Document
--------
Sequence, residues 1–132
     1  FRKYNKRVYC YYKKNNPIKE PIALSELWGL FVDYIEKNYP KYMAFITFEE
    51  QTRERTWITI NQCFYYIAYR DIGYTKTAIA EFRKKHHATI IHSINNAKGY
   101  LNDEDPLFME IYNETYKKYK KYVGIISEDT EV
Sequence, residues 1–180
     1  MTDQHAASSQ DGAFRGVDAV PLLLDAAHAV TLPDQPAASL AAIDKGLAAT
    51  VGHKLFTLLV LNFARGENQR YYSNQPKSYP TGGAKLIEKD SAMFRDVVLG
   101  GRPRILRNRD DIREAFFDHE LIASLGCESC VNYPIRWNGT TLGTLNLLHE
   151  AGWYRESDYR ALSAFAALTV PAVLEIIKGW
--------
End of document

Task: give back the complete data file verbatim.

Sequence, residues 1–132
     1  FRKYNKRVYC YYKKNNPIKE PIALSELWGL FVDYIEKNYP KYMAFITFEE
    51  QTRERTWITI NQCFYYIAYR DIGYTKTAIA EFRKKHHATI IHSINNAKGY
   101  LNDEDPLFME IYNETYKKYK KYVGIISEDT EV
Sequence, residues 1–180
     1  MTDQHAASSQ DGAFRGVDAV PLLLDAAHAV TLPDQPAASL AAIDKGLAAT
    51  VGHKLFTLLV LNFARGENQR YYSNQPKSYP TGGAKLIEKD SAMFRDVVLG
   101  GRPRILRNRD DIREAFFDHE LIASLGCESC VNYPIRWNGT TLGTLNLLHE
   151  AGWYRESDYR ALSAFAALTV PAVLEIIKGW